§ Jeremy Corbyn (Islington, North)
On a point of order, Mr. Speaker. You will recall that at 11.30 this morning the Chairman of Ways and Means moved that the City of London (Ward Elections) Bill be set down for debate, and in the business statement the Leader of the House said that it would be debated at 7 o'clock on Monday evening. Would you consider some means by which the time for tabling amendments can be extended? Under the procedure, amendments to be considered for selection on Monday would have to be on the Order Paper by tomorrow morning or this evening, which means that there are only seven and a half hours in which to table such amendments. Do you not think that that is a wholly inadequate time for what is, after all, a deeply controversial and, many of us believe, wholly unnecessary piece of legislation?
§ Mr. Speaker
The hon. Gentleman might realise that I cannot make an exception for one Bill. It would be very difficult for me to do so.
§ Mr. Julian Brazier (Canterbury)
On a point of order, Mr. Speaker. I of course fully accept the ruling that you gave my hon. Friend the Member for Aylesbury (Mr. Lidington), but I seek your advice as to how to raise the ghastly case of my constituent, 83-year-old Arnhem veteran Bill Holman, whose surgeon telephoned me a few minutes ago to say that Mr. Holman spent 36 hours waiting among 40 other people on trolleys in casualty, with really severe stomach pains. I could not get into business questions because I was telephoning Mr. Holman. He told me that at one point he was considering suicide. The place was so overcrowded and 1028 the staff were so over-stressed that he had his coat instead of a pillow under his head at one stage. How much longer will this go on in our hospitals in Kent?
§ Mr. Speaker
The hon. Gentleman has already used his ingenuity to help his Arnhem veteran. The hon. Gentleman knows his way around the Order Paper and knows how to get in touch with Ministers.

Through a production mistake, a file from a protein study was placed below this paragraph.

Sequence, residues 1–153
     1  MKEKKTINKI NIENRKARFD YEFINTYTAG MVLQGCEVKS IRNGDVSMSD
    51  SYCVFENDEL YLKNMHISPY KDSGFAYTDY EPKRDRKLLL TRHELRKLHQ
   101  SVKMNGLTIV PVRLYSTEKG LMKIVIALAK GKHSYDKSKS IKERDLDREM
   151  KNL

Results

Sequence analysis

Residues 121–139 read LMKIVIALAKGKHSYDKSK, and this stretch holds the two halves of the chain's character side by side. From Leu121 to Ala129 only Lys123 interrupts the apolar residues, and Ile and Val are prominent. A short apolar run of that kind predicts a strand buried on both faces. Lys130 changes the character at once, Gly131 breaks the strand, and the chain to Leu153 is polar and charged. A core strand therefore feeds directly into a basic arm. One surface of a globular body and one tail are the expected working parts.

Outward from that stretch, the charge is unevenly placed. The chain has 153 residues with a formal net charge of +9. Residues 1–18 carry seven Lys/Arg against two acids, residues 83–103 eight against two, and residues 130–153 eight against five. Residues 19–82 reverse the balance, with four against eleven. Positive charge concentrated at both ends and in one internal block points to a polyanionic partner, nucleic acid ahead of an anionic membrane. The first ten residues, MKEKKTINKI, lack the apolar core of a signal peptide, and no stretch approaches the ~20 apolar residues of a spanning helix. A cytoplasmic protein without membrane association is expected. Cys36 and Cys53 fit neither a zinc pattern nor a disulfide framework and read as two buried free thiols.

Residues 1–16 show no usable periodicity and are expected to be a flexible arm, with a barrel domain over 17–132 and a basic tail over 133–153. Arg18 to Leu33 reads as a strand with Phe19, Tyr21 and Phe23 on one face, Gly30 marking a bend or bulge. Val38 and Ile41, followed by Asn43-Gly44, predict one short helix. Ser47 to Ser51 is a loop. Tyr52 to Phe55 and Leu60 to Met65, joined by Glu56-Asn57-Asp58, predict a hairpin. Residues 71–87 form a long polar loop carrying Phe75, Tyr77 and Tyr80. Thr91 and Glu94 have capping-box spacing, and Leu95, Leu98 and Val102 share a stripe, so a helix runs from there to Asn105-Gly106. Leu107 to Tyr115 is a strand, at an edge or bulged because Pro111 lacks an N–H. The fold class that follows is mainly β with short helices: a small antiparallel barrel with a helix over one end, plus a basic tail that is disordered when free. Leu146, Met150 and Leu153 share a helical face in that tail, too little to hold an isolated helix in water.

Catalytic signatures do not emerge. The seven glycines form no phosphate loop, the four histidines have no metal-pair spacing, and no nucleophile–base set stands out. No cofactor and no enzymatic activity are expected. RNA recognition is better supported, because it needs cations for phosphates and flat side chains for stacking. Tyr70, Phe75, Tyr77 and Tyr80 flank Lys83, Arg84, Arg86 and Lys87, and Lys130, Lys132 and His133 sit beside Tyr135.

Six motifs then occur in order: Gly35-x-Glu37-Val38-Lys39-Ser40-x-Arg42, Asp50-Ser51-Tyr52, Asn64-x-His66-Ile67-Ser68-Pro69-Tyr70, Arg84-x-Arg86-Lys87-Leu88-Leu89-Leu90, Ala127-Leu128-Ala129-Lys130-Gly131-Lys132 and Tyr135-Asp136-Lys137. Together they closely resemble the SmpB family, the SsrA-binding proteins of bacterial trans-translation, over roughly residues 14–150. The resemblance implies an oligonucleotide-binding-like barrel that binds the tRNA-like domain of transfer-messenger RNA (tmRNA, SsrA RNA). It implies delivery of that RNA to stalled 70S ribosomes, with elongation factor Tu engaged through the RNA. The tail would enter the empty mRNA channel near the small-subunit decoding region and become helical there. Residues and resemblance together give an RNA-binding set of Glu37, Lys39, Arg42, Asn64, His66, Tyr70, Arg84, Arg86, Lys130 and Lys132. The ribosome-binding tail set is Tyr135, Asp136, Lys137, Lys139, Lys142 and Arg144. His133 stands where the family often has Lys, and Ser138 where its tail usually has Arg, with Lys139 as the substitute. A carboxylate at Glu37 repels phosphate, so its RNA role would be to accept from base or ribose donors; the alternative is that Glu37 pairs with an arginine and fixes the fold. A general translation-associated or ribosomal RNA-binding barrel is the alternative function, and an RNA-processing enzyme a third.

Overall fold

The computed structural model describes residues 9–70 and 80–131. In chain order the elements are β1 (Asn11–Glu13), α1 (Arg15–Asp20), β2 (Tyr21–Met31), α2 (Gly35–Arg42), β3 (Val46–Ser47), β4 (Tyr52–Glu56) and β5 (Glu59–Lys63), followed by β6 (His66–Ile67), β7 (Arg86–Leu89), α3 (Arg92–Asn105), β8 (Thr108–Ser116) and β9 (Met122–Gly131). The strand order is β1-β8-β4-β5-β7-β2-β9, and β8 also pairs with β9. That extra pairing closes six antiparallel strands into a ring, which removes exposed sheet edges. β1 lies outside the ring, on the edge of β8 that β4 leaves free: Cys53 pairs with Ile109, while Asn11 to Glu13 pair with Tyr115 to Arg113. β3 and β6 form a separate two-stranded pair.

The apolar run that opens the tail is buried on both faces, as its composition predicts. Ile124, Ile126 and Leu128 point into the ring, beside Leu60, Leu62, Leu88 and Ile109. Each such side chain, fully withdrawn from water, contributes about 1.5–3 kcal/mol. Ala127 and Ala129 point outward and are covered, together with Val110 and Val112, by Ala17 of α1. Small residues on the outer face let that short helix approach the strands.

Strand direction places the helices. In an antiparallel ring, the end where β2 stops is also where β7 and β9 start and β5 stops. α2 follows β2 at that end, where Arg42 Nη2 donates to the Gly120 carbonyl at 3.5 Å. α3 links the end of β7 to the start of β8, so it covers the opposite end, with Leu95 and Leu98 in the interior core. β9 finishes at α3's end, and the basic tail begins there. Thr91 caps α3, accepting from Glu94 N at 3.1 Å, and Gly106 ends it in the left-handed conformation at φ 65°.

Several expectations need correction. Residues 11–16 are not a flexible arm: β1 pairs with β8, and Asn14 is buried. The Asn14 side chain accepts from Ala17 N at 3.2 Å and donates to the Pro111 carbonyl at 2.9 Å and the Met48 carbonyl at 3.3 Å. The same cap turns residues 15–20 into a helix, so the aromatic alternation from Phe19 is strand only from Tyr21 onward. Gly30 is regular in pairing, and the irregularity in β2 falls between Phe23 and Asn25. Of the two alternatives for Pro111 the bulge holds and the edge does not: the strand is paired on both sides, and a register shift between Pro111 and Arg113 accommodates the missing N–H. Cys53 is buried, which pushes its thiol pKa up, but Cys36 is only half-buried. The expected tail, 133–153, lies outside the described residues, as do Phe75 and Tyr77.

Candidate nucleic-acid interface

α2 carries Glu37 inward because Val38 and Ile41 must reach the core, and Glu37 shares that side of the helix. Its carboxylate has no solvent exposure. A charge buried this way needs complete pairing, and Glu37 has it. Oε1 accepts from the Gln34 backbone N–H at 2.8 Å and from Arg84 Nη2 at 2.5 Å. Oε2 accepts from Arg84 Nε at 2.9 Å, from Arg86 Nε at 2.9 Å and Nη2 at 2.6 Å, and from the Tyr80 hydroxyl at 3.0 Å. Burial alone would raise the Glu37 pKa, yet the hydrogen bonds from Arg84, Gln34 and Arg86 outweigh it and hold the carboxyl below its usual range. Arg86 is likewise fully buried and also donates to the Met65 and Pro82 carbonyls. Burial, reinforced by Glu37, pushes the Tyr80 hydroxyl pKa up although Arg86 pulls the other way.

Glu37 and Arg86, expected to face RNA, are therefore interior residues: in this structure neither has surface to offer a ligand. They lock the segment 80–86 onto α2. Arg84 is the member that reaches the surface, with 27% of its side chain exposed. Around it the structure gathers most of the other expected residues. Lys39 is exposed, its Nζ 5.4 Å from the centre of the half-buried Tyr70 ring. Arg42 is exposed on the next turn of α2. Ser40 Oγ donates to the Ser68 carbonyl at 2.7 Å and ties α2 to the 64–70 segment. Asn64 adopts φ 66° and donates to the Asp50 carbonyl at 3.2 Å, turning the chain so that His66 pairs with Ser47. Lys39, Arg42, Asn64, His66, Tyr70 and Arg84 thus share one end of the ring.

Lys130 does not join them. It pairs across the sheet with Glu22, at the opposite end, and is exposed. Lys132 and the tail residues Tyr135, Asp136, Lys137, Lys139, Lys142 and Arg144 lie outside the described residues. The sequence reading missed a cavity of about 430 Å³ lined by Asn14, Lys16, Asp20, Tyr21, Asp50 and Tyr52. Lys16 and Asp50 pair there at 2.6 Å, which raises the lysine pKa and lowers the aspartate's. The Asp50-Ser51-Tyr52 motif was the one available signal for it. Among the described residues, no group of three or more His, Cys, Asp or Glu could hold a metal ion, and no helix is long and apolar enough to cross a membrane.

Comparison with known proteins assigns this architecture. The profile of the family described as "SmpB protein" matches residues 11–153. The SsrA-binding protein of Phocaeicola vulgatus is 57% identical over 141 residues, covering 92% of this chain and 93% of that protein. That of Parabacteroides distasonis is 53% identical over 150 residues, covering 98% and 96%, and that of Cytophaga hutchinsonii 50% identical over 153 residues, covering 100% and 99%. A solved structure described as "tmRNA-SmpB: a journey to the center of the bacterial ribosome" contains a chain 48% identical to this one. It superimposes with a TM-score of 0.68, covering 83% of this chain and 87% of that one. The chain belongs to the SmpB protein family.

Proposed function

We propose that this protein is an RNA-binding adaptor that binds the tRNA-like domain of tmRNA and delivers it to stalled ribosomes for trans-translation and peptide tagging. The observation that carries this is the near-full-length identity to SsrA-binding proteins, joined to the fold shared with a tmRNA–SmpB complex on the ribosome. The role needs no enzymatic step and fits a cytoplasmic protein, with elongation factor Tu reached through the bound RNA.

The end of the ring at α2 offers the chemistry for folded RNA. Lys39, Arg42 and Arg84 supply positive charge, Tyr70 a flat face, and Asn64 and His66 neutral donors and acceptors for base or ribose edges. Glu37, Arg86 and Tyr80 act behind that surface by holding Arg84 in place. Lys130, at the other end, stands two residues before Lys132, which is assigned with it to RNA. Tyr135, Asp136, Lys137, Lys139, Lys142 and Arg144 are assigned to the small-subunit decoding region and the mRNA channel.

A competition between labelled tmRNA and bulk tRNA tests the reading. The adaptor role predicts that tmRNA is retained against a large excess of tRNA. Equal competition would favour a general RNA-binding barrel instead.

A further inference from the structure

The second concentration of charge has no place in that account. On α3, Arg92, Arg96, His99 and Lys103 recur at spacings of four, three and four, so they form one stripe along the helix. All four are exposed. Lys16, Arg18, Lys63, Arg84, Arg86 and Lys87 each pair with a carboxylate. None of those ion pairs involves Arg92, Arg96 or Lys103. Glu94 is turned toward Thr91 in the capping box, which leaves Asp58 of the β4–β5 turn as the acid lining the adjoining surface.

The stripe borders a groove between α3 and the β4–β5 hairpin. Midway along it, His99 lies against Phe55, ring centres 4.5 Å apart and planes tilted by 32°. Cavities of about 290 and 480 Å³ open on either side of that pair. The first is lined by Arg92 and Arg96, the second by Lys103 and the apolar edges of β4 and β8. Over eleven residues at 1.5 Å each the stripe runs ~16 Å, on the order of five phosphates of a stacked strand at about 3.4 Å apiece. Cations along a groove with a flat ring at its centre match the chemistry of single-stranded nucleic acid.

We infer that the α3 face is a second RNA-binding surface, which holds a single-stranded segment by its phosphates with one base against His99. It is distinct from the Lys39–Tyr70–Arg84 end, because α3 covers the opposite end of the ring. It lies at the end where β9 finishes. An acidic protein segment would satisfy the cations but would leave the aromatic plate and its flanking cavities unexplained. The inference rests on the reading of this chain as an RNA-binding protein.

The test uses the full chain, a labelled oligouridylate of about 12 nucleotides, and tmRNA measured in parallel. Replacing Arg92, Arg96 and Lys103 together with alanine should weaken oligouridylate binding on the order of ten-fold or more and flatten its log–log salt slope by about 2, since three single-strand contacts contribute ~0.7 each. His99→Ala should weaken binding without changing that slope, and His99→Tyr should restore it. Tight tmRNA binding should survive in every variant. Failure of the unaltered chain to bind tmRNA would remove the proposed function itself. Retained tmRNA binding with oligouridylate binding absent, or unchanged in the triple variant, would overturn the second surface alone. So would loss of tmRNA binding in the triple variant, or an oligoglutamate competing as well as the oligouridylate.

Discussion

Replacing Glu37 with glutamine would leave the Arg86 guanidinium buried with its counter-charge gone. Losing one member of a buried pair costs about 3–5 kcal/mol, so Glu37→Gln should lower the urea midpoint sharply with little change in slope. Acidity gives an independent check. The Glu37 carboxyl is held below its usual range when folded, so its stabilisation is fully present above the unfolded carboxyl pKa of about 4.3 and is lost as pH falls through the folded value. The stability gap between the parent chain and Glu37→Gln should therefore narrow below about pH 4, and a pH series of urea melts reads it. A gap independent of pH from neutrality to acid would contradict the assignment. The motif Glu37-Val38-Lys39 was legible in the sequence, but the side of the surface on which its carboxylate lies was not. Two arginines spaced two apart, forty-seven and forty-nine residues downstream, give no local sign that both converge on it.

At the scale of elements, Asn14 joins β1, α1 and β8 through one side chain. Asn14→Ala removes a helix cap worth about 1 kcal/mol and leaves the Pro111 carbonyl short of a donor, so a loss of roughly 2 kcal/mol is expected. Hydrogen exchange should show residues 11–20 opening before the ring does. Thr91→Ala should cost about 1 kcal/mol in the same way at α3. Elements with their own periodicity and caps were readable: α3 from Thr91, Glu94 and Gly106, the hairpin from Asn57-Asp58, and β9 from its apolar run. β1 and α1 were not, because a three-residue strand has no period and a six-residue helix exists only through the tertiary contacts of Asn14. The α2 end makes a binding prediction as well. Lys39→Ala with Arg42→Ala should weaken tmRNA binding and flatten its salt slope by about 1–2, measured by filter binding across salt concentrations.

§ Dr. Evan Harris (Oxford, West and Abingdon)
On a point of order, Mr. Speaker. Following exchanges in the House yesterday at Prime Minister's questions, Members of Parliament will be aware that they are not, unlike medical staff, under a duty of confidentiality. Does that not nevertheless place a responsibility on MPs, given parliamentary privilege, to recognise, first, that best practice involves seeking the permission of a patient, where a patient is competent to give consent, before raising their case publicly; and, secondly, that medical staff are not in a position to respond to allegations made against them by patients' relatives, other third parties, the media or MPs without risking employment sanctions or being reported to their professional regulatory body?
Would you consider, therefore, Mr. Speaker, some guidelines to Members of Parliament, similar to our self-denying ordinance on the question of sub judice, that will show best practice and recognise patients' right to confidentiality and the difficulty that medical staff have in responding to allegations made, because of the risk that they will be reported to their professional bodies for breach of confidentiality? I should be grateful if you would consider issuing such guidance.
§ Mr. Speaker
The hon. Gentleman gave me notice of this point of order, and I understand that, in doing so, he said that he would write to me. The best course of action is for him to write to me, so that I can consider this matter.